Electric Utilities and the Future of Clean Transportation

Electric utilities should take an active role in encouraging electric vehicle ownership to reduce greenhouse gas emissions from the transportation sector.

Darshan Brahmbhatt plugs a charger into his electric vehicle at the Sacramento Municipal Utility District charging station in Sacramento, California, on September 17, 2015. (AP/Rich Pedroncelli)
Darshan Brahmbhatt plugs a charger into his electric vehicle at the Sacramento Municipal Utility District charging station in Sacramento, California, on September 17, 2015. (AP/Rich Pedroncelli)

As part of the global coalition of countries committed to fighting climate change, the United States has pledged to reduce its greenhouse gas emissions by 26 percent to 28 percent below 2005 levels by 2025. To meet that goal, the Obama administration has taken action to clean up the power sector, make cars and trucks more energy efficient, and reduce emissions from other parts of the economy. To avoid the worst impacts of climate change, however, the United States—and its global partners—will have to achieve much steeper emissions reductions in the coming decades.

The transportation sector accounts for more than one-quarter of all U.S. greenhouse gas emissions, the majority of which come from gasoline-powered cars and light trucks. One critical path toward a cleaner transportation sector relies on the increased presence of electric cars and trucks, running on electricity generated from an increasingly cleaner power sector.

The need to deploy more electric vehicles comes at an interesting time for the U.S. electricity sector. The U.S. economy is more energy-efficient, meaning the nation is using less energy per dollar of GDP, and a growing number of U.S. households are installing solar panels to generate their own electricity and rely less on the power grid. As a result, many electric utilities are selling less of their product. In 2015, total electricity sales fell, marking the fifth time in eight years that sales have declined year-over-year. Experts predict electricity consumption to remain flat in the coming decades.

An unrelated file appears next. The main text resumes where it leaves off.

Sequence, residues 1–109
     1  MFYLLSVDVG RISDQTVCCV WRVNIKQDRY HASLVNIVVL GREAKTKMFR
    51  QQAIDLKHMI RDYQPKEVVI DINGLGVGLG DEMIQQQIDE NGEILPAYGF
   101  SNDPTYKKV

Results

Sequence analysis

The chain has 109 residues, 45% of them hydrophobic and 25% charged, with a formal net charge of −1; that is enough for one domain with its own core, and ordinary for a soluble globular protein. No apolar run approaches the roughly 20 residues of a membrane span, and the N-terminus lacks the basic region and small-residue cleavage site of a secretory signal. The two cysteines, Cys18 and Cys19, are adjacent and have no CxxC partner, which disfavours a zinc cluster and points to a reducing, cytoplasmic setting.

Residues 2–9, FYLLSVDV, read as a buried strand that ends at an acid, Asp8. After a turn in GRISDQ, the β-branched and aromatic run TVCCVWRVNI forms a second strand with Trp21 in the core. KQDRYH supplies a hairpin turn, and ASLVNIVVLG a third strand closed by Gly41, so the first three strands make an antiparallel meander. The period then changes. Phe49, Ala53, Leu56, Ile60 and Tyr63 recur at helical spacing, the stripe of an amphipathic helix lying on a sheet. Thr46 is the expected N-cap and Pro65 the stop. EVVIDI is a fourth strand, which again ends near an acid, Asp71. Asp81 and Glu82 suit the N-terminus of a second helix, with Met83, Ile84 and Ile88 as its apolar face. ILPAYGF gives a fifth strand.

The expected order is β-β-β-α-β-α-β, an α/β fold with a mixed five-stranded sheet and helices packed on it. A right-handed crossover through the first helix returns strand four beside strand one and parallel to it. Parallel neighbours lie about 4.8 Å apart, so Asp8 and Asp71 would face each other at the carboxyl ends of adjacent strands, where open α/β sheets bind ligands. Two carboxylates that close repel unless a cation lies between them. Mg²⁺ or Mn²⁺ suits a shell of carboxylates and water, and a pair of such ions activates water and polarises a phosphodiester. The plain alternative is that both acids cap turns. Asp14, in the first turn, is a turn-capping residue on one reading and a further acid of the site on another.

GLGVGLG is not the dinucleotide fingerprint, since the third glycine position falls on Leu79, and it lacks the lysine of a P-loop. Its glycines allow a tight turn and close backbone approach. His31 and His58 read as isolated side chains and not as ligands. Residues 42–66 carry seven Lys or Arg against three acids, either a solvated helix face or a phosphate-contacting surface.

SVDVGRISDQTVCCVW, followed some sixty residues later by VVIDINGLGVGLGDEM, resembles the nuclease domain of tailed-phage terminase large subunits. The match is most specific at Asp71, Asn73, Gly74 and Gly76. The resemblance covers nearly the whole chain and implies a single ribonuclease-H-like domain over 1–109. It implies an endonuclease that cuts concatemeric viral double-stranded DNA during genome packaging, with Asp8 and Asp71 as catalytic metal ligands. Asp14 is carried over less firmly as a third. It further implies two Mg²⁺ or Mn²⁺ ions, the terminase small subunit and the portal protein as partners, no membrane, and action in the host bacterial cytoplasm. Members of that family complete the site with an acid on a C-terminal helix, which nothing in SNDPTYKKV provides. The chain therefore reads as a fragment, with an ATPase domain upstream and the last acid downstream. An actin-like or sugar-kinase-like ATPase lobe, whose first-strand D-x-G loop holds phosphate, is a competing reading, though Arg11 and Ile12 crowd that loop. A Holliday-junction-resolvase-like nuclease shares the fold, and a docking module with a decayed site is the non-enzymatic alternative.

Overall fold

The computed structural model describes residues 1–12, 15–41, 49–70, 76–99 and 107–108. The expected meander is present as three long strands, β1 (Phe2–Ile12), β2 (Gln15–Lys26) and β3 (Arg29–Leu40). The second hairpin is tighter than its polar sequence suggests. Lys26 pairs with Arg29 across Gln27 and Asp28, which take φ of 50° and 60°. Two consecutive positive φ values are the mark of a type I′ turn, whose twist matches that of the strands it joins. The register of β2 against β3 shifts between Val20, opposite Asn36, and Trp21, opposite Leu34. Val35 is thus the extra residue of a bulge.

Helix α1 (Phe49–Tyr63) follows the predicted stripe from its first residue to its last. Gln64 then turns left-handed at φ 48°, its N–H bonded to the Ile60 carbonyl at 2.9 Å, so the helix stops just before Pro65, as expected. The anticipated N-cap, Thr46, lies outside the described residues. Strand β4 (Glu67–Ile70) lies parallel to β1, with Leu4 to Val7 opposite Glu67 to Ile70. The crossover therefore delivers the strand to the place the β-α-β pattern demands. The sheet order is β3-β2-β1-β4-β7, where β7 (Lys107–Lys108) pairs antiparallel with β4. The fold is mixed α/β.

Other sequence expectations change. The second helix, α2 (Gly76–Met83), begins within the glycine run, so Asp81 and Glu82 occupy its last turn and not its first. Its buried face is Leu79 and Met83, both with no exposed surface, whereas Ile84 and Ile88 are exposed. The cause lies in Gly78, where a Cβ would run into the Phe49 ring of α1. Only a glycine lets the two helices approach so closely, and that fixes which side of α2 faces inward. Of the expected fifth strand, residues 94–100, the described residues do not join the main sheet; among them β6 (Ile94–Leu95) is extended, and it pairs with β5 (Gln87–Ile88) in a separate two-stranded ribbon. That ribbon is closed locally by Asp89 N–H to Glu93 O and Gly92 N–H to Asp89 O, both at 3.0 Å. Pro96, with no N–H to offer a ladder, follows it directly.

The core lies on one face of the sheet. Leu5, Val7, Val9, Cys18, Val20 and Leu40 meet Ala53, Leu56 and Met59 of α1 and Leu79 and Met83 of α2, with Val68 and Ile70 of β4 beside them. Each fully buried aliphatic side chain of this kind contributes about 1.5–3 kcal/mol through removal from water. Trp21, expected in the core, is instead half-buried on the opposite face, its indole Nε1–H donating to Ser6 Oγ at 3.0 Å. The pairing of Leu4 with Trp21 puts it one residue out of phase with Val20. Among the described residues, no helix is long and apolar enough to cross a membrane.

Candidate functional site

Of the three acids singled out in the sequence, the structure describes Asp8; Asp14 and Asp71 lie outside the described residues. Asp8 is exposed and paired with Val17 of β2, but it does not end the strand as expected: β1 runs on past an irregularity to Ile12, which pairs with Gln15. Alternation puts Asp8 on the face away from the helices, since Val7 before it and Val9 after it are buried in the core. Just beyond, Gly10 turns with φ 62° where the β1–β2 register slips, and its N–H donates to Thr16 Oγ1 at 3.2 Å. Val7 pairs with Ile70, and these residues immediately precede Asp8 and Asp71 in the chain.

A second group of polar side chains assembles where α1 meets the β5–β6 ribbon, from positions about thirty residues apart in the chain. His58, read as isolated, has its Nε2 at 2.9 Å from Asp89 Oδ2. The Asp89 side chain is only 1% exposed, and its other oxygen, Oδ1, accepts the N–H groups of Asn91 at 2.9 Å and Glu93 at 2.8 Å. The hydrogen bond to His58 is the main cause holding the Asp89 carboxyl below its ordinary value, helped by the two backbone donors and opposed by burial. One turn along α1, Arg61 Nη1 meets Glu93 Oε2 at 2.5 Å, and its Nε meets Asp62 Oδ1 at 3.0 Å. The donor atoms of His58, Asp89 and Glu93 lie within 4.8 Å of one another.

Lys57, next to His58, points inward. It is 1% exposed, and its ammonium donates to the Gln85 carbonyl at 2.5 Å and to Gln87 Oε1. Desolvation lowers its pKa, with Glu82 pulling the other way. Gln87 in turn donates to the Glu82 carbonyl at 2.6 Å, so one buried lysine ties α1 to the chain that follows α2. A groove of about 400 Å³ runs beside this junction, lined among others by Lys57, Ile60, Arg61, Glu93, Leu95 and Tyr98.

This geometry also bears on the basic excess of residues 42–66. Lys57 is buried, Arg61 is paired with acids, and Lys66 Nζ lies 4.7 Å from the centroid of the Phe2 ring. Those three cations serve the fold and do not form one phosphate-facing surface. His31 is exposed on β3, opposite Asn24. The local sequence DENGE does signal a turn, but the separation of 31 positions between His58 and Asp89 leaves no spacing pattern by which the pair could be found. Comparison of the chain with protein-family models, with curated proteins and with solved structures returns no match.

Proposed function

The United States needs more electric vehicles in order to reduce emissions and utilities need new electricity demand to stay in business. This confluence presents a unique opportunity for electric utilities to play an active role in deploying more electric vehicles and related infrastructure. Recognizing this opportunity, the Edison Electric Institute—which represents the entire U.S. investor-owned utility sector and 70 international electric company members—signed a memorandum of understanding, or MOU, with the U.S. Department of Energy, or DOE, to work together to accelerate the deployment of electric vehicles and the charging infrastructure to support them.

Many utilities are already engaged. Some are offering special rates to electric vehicle owners in their service area to incentivize them to charge their cars during off-peak electricity demand hours. This saves consumers money and helps utilities manage their demand load. Several utilities, including the three largest in California, are investing directly in electric vehicle infrastructure to accommodate a predicted increase in electric vehicle ownership in coming years.

Both private companies and consumer groups are concerned about this involvement by electric utilities. Private companies, such as Chargepoint, that provide charging services worry that the utilities will stifle healthy competition and crowd out, rather than build upon, privately funded charging infrastructure. Consumer groups—such as The Utility Reform Network and California’s Office of Ratepayer Advocates—are worried that ratepayers will suffer and be charged higher rates if the utilities’ investments fail or do not meet expectations.

Given the urgent challenge posed by climate change and the need to cut greenhouse gas emissions from the U.S. transportation sector, it is important that utilities work with concerned stakeholders and state public utility commissions to develop a workable model for utility engagement in electric vehicle deployment. As providers of a service that reaches nearly every household and business, utilities have a unique reach into American communities. The Center for American Progress recommends that electric utilities do the following:

  • Starting with pilot programs, invest in a public charging infrastructure in their service areas to complement the private sector’s investment in this area.
  • Offer time-of-use rates to encourage electric vehicle owners to charge during low-demand times, and identify ways to offer electric vehicle owners electricity generated from renewable or zero-carbon energy sources.
  • Expand charging access to low-income areas and multifamily residences, and encourage state policymakers to offer point-of-sale rebates for residents in these areas to make the cars a more affordable option.

By implementing these recommendations, utilities can encourage a large customer base to consider electric vehicle ownership, resulting in vast greenhouse gas emissions reductions from the transportation sector and a steady, sustainable demand for electricity. For customer who are already interested in electric vehicle ownership, utilities can increase access and affordability of cars and charging infrastructure.

Myriam Alexander-Kearns is the Research Associate for the Energy Policy team at American Progress. Allison Cassady is the Director of Domestic Energy Policy at the Center. 

The positions of American Progress, and our policy experts, are independent, and the findings and conclusions presented are those of American Progress alone. A full list of supporters is available here. American Progress would like to acknowledge the many generous supporters who make our work possible.


Myriam Alexander-Kearns

Policy Analyst

Alison Cassady

Managing Director

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